Wednesday, April 25, 2007

100 Day Integration Plan Success Story

We recently worked with a mid-sized company that had been forced into a merger roughly a year ago. The investors thought it "made sense" to have the 2 companies operating under the same umbrella and literally jammed them under the same roof. Profits were down, turn-over and tensions were high. The investors were ready to take what money they could get out of the deal before things fell apart any further.
The new CEO of the company came to us and asked for our help on behalf of his company and of the investors. We met with the investors and laid out our plan.

Step 1. Assess

We did an Integration assessment of the organization. We broke the assessment down by management, workers, and by which company they had come from before the merger.

Step 2. Evaluate the Data

We evaluated the data and looked for the similarities and differences in the responses. What we found was shocking. There had been no attempt by management to integrate any of the processes on either side together. Operationally the two companies couldn't have been different. Accounting, decision making, management, communication were all diametrically opposed to one another.

Step 3. Make a plan

We sat down with the CEO and came up with our 100 day integration plan. The first step was to get buy-in from the employees that the integration process was going to be worth it. Once we achieved this, we would go ahead with our step-by-step plan to get this company up and running again.

Step 4. Put it into action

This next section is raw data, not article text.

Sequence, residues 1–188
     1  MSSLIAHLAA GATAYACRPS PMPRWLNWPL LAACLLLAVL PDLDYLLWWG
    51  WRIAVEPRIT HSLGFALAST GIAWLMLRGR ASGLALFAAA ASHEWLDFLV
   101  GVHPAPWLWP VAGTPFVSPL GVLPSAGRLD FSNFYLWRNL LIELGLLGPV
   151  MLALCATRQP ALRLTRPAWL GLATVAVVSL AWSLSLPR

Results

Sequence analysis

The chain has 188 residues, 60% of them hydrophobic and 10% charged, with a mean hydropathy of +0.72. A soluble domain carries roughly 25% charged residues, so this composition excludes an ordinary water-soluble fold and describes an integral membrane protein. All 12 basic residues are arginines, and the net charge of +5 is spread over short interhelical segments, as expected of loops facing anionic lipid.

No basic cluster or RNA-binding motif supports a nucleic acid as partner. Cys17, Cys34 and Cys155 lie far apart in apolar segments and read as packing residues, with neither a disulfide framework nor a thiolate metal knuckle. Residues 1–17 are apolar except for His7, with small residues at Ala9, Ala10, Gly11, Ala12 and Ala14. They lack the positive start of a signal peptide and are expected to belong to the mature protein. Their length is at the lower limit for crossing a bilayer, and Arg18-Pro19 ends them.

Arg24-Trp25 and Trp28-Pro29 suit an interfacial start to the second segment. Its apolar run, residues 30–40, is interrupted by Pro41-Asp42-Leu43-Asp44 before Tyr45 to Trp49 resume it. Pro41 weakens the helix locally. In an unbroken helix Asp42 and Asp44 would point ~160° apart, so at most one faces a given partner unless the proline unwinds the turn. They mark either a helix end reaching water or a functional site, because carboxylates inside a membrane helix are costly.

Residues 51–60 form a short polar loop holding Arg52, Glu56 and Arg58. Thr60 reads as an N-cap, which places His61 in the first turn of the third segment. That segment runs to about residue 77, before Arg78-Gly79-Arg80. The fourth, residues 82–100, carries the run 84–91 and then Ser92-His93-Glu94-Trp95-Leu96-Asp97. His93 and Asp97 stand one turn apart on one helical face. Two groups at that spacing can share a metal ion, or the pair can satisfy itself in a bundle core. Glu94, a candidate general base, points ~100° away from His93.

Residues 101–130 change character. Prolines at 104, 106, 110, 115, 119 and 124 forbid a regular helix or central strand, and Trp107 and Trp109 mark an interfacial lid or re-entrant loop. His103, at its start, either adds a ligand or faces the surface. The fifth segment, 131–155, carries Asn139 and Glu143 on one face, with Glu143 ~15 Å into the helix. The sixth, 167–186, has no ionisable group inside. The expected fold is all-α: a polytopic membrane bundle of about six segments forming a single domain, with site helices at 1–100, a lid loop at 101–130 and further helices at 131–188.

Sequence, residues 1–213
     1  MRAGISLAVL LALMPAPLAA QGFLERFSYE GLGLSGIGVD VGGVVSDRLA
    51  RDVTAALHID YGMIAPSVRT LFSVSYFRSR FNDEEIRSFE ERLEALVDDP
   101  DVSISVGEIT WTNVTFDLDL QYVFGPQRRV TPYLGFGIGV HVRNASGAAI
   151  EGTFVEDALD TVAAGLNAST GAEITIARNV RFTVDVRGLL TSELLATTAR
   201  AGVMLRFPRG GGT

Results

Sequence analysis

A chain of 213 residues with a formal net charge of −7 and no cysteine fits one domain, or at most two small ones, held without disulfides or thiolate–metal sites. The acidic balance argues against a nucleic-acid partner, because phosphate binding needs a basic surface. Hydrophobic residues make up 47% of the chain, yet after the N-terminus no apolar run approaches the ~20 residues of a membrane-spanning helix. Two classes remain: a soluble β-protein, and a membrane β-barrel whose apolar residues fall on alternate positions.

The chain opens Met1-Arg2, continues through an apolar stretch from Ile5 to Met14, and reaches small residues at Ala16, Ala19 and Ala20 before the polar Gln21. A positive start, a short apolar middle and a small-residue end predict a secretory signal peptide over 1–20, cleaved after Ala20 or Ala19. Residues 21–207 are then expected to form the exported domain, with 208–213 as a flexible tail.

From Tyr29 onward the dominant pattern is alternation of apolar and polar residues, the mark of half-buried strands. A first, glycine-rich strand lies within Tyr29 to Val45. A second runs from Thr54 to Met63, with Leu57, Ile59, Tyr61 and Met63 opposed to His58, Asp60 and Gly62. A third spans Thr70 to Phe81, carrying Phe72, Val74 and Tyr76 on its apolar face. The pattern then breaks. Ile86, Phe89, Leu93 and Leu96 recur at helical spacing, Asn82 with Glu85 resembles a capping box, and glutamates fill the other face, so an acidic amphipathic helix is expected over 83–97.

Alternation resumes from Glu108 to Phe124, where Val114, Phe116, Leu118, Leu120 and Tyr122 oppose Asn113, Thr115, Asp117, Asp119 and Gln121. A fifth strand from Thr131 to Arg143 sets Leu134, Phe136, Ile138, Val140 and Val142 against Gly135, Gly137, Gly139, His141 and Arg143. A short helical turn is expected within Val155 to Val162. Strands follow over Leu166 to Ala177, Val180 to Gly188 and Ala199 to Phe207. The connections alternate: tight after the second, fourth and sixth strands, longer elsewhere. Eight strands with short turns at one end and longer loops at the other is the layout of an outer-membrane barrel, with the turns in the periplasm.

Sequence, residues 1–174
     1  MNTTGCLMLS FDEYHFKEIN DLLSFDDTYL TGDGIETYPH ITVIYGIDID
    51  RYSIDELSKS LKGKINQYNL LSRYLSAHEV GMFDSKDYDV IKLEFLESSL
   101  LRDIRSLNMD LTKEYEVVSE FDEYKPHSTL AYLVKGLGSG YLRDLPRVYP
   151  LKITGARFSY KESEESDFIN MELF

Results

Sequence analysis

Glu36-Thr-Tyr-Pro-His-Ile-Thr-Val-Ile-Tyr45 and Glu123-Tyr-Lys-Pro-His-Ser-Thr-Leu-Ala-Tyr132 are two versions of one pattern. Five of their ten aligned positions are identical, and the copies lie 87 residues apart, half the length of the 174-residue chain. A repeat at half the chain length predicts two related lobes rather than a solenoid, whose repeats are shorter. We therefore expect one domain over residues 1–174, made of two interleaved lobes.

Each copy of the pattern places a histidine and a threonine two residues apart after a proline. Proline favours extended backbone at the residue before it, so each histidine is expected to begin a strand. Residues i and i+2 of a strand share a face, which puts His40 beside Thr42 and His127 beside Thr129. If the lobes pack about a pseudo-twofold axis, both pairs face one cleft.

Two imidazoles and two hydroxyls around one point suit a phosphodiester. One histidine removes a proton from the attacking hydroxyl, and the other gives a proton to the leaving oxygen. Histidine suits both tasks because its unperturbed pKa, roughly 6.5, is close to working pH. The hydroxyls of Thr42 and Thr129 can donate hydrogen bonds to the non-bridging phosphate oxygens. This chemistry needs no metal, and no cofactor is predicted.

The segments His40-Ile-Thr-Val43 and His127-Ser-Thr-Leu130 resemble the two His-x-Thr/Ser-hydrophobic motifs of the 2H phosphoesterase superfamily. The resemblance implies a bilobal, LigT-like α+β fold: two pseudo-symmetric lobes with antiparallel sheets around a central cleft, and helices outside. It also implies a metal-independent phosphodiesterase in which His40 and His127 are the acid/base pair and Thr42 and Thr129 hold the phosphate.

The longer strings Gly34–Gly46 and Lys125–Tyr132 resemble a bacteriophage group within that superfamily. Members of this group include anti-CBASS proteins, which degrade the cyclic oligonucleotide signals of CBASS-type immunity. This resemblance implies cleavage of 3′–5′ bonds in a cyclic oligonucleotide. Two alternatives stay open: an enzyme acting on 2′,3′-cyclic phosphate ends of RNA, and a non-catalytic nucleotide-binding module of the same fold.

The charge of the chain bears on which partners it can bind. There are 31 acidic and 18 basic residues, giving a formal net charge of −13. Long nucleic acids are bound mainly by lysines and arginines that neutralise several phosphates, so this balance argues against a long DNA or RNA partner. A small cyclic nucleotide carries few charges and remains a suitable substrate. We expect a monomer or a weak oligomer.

We set up a company-wide meeting and the CEO laid all of his cards on the table. He told his people that the investors were getting ready to throw the company on the chopping block and asked for their support in getting their collective necks out of the noose. Within the first week, 10% of the staff had handed in their 2-week notices. Once we had gotten the non-committed people out of the equation we began integrating all of their processes together step-by-step, constantly checking in with the people to make sure we weren't going too fast and that they were still bought in to the process.
Over the next 2 months, the company lost another 5% of its employees. However, changes had already begun to take place within the organization. Profits were rising, morale was up, people were working together.


Step 5. Re-assess

The last step was to reassess the organization. Our final assessment showed that the organization had come together as one. Their business processes, and more importantly their people, had finally been integrated together. We did a presentation with the CEO for the investors on all that we had done, and what the organization had accomplished in the 100 days. After very little deliberation, the investors decided to let the company continue on its path and kept it off of the chopping block. This company today has become one of the leaders in its industry.